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A group of interesting .45 Government Cartridges....
#2 - Raised US CARBINE headstamp, produced in July of 1874. The purpose of the headstamp was to differentiate carbine cartridges from those made for rifle use; the rifle cartridges continued to be unheadstamped. The headstamps on these are usually quite light and difficult to photograph, as is the case with this one. Apparently, headstamping these cartridges added significantly to production expenses, and this practice was stopped as a cost saving measure.
#3 - An unheadstamped Benet inside-primed cartridge made between March 1875 and March 1877. The ends of the case indentations on this and the remaining inside primed cartridges in the pictures are much closer together than on the earlier cartridges, this one measuring .105" or approximately 3/32". The inside-primed cartridge continued as the standard until August of 1882.
#4 - A Benet inside-primed cartridge headstamped R 3 F 77. As a means of distinguishing between rifle and carbine cartridges, the arsenal began headstamping them in March of 1877. The 'R' identifies this as a rifle cartridge; carbine cartridges were headstamped with a 'C' (see the second cartridge from the left in the second picture). The '3 77' indicates the month and year it was made, this one being part of that first month's production and a very difficult headstamp to find. The 'F' indicates that the cartridge was made at the Frankford Arsenal, which was not really necessary in 1877, when it was the only government arsenal producing these cartridges. This identifying letter was probably added in anticipation of contracts with private companies to produce the cartridge, which began in mid-1878.
#5 - A Berdan (externally) primed cartridge headstamped R 4 F 77. In March and April of 1877, some experimentation with Berdan primers was done at the Frankford Arsenal; this is one of those cartridges. The results of their tests must not have proven entirely satisfactory, as the inside-primed cartridge continued as the standard for another five years. Production of the inside-primed cartridges was costly, as the cases could not be reloaded. That the U.S. military continued to use them as late as they did is surprising for several reasons. First, various forms of the external primer were available and had been used at both the Frankford and Springfield Arsenals prior to the time the 45 Government cartridge was first produced. Further, the government tended to be quite conservative (stingy?) when it came to equipping and funding the military, so any means to cut costs would usually be pursued. Finally, the commercial ammunition makers (UMC, USC Co, and WRA Co) were producing externally primed ammunition in the early 1870s, and all of the contract ammunition made by them was externally primed and reloadable. I am looking for one of these externally primed cartridges with the 3 77 date; if you have an extra one and would consider a trade for items from my web page lists, please let me know.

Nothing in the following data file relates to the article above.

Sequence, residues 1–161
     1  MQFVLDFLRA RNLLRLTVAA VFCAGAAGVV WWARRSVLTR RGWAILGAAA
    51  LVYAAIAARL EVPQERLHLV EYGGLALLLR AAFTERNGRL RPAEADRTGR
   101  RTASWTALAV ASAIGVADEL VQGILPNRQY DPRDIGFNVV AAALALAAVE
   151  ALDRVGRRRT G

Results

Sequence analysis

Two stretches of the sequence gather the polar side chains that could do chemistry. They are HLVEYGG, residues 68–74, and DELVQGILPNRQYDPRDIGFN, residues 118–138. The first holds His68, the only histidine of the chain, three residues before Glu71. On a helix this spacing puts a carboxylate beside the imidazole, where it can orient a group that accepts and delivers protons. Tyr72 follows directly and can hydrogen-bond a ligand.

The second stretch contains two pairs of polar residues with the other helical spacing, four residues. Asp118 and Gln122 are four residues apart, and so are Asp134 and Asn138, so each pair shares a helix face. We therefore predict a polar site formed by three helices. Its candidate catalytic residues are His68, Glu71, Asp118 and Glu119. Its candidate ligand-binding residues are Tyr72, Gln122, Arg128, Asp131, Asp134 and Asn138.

#6 - A Benet inside-primed cartridge headstamped R 1 F 82, with a 500 grain bullet. Between 1879 and 1884, the Springfield Armory was experimenting with a long range cartridge with a longer case, a 500 grain bullet, and 10 additional grains of powder. While these cartridges tended to be more accurate than the standard cartridge, it was found that the heavier bullet was responsible for the increase in accuracy, not the heavier powder charge. In January of 1882, the Frankford Arsenal began producing the 45-70 rifle cartridge with a 500 grain bullet; this cartridge is one of those. The 405 grain bullet continued to be used for the .45-55 carbine cartridge.
#7 - An externally primed cartridge headstamped R 1 F 82. The Frankford Arsenal continued preparing small batches of externally primed cartridges on a developmental basis along with the standard inside-primed cartridges that they were producing. This cartridge was made in January of 1882, and has the same flat (unstepped) base as on the one (#5) made in April of 1877, but a smaller primer.
#8 - An externally primed cartridge headstamped R 8 F 82. The Frankford Arsenal finally began production of the externally primed cartridge as the standard in August of 1882; this is one of the cartridges produced that first month. These used solid head cartridge cases with a stepped 'ring' on the head, as opposed to the folded, flat heads of the earlier cases. This one may be a reload, as the 405 grain bullet would not normally be found in a rifle case this late in 1882.
#9 (picture 2) - A Benet inside-primed blank headstamped 9 F 82. This date is a bit late for an inside-primed case, but it would be expected that the arsenal would have a quantity of these Benet cases (perhaps rejects) as well as raw materials that needed to be used up when they made the switch to the externally primed case in August of 1882. Therefore, it would be reasonable to assume that headstamp dates after 8 82 would show up on Benet cases, though I would expect them to appear only on blanks, such as this one, rather than ball loads.